# Stock's theorem and calculation of current density

1. Jun 3, 2013

Hi,

I'm trying to use stock's theorem with the following magnetic field -
$B=1/r\hat{\theta}$ on Cylindrical coordinate.

From one side I get -
$\nabla X B=0 = \mu \int\int J \cdot dA$, means that the current density is zero.

From the other side I get -
$\oint B \cdot dl = 2 \pi r \cdot 1/r = \mu I$
and hence
$I = 2 \pi / \mu$

So... How the current density could be zero?

Thanks,

2. Jun 3, 2013

### WannabeNewton

Hi adamp. Let me first show you a "simpler" example from electrostatics and hopefully from this example you can see what goes wrong in your calculation. Consider the Coulomb field of a point charge $E = \frac{q}{4\pi \epsilon_0} \frac{\hat{\mathbf r}}{r^{2}}$. If we naively calculate its divergence, we find that $\nabla\cdot E = 0$ hence by the divergence theorem $\int _{\Sigma}(\nabla\cdot E )dV = \int _{\partial \Sigma}E\cdot dA = 0$. But if we calculate the surface integral from the start we find that $\int _{\partial \Sigma}E\cdot dA = \frac{q}{\epsilon_0}$ so what's the deal?

The problem is that our system consists of a localized point source. Recall that $\nabla\cdot E = \frac{\rho}{\epsilon_0}$ so the divergence will vanish everywhere except at the localized point source because this is the only point in space where there is a charge. As such, when we calculated the divergence of the Coulomb field, we naively ignored what happens at $r = 0$ which is where the charge density "spikes up".

What we really have to do is represent the charge density in terms of a Dirac delta distribution i.e. $\rho = q \delta^{3} (\mathbf r)$. Consequently, $\nabla\cdot \frac{\hat{\mathbf r}}{r^{2}} = 4\pi \delta^{3}(\mathbf r)$ i.e. this will respect the statement of the divergence theorem: $\int _{\Sigma}(\nabla\cdot E)dV = \frac{q}{ \epsilon_0}\int _{\Sigma}\delta^{3}(\mathbf r) = \frac{q}{\epsilon_0} = \int _{\partial \Sigma}E\cdot dA$.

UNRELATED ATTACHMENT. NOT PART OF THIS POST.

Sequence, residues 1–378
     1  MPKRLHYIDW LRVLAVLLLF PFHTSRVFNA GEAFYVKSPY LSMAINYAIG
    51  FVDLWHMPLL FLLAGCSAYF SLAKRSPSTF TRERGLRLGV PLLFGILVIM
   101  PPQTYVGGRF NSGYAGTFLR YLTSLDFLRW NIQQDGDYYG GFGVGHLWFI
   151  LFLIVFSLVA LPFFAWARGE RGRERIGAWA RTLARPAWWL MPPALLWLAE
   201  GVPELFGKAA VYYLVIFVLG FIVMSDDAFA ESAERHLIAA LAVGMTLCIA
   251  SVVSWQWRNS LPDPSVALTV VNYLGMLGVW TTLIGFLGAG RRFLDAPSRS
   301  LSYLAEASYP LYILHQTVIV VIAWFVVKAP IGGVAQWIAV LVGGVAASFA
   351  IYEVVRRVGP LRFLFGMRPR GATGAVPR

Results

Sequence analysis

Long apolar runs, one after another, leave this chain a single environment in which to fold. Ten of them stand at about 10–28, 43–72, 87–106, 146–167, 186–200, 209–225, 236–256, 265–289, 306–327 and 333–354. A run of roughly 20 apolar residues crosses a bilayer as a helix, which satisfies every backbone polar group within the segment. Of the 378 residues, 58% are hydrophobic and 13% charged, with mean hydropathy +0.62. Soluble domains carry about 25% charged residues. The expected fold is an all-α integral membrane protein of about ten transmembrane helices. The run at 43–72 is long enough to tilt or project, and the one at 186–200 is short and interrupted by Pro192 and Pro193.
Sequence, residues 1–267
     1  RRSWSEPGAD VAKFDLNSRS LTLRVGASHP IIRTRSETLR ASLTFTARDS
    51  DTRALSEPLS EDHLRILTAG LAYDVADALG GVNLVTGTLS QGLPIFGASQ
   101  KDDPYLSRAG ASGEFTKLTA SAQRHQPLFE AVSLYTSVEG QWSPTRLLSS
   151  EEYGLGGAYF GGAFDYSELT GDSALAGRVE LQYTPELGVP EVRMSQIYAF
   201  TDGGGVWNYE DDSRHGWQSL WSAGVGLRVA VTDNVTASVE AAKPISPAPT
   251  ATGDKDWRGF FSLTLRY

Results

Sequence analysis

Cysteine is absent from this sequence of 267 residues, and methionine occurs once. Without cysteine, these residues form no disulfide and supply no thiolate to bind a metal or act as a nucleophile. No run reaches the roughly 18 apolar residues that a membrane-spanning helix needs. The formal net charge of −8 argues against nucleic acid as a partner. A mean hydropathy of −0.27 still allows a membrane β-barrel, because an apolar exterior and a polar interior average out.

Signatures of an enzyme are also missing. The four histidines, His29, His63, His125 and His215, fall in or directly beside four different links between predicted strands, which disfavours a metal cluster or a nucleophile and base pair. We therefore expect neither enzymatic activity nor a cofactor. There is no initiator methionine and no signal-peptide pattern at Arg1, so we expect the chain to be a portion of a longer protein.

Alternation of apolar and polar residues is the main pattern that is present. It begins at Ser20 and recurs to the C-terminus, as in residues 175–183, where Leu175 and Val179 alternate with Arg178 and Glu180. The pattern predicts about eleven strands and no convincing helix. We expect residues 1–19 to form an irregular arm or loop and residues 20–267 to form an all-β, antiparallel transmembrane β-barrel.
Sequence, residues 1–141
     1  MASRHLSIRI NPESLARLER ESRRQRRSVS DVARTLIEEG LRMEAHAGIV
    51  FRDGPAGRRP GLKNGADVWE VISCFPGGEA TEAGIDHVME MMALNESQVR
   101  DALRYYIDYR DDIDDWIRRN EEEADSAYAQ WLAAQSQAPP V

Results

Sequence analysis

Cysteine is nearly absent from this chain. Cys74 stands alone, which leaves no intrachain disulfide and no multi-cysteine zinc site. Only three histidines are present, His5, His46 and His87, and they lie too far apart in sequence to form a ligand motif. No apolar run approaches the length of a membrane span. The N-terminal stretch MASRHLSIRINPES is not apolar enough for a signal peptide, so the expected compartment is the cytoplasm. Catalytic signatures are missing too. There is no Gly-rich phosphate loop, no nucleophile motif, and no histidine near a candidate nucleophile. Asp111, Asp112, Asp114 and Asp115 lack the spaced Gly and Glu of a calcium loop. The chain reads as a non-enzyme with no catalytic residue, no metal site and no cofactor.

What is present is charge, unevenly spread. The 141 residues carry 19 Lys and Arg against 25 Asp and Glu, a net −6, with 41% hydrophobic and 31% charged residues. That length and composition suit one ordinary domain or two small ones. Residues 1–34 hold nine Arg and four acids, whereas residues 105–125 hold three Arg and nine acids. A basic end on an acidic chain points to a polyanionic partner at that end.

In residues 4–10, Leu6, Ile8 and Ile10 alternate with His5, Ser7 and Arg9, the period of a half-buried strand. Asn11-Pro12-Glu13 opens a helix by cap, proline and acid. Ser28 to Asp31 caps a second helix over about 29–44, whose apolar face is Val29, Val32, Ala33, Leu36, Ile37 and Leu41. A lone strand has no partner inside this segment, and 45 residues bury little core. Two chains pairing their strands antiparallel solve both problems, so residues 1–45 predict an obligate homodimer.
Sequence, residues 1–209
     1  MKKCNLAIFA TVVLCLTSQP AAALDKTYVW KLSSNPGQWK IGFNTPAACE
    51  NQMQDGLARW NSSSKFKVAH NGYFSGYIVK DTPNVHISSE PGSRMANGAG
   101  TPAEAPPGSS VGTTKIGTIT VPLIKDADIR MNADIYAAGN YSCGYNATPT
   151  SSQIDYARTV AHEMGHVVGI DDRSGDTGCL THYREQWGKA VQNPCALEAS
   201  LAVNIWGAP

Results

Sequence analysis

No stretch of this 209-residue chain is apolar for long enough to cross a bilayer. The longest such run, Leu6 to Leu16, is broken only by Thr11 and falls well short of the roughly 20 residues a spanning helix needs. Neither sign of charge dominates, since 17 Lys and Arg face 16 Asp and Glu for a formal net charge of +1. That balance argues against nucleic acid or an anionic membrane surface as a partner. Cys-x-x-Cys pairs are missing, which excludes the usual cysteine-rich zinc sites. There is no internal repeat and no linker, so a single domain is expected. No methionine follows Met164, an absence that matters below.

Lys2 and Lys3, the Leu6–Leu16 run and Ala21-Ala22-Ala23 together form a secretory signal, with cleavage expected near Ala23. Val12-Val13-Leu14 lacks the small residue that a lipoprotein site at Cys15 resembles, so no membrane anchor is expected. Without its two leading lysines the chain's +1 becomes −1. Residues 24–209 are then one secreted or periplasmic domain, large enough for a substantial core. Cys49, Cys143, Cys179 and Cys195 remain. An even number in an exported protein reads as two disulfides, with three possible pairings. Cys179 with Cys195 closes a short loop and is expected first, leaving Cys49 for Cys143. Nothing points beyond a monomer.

Can you now extrapolate from this and see what goes wrong in your calculation?

3. Jun 3, 2013

Hi,

Thank you very much for your response.

I still don't understand why when we are calculate $\nabla\cdot E$ we "naively" ignored what happens at $r=0$.
Is it comes up from the divergence definition?

4. Jun 3, 2013

### WannabeNewton

$\nabla\cdot E = \frac{q}{4\pi \epsilon_0}\frac{1}{r^{2}}\partial_{r}(r^{2}\frac{1}{r^{2}})$ we have a problem at $r = 0$ as you can see :)

5. Jun 3, 2013

So, can we say that it impossible to use the divergence for fields which are not defined at $r=0$ and we need to use stokes' theorem for getting the right answer using Path integral?

6. Jun 3, 2013

### WannabeNewton

No we can still use the divergence theorem as long as we include the dirac delta distribution, as I have done in post #2. The problem of things "spiking up" at $r = 0$ comes from us having a vanishing charge density everywhere in space except at a single point. The dirac delta distribution takes care of that.

In your case we have a vanishing current density at all points in space except for the infinitely thin current carrying wire along $r = 0$ (now in cylindrical coordinates); we again have a sudden "spiking up" problem. The situation is analogous to what I talked about in post #2.

7. Jun 3, 2013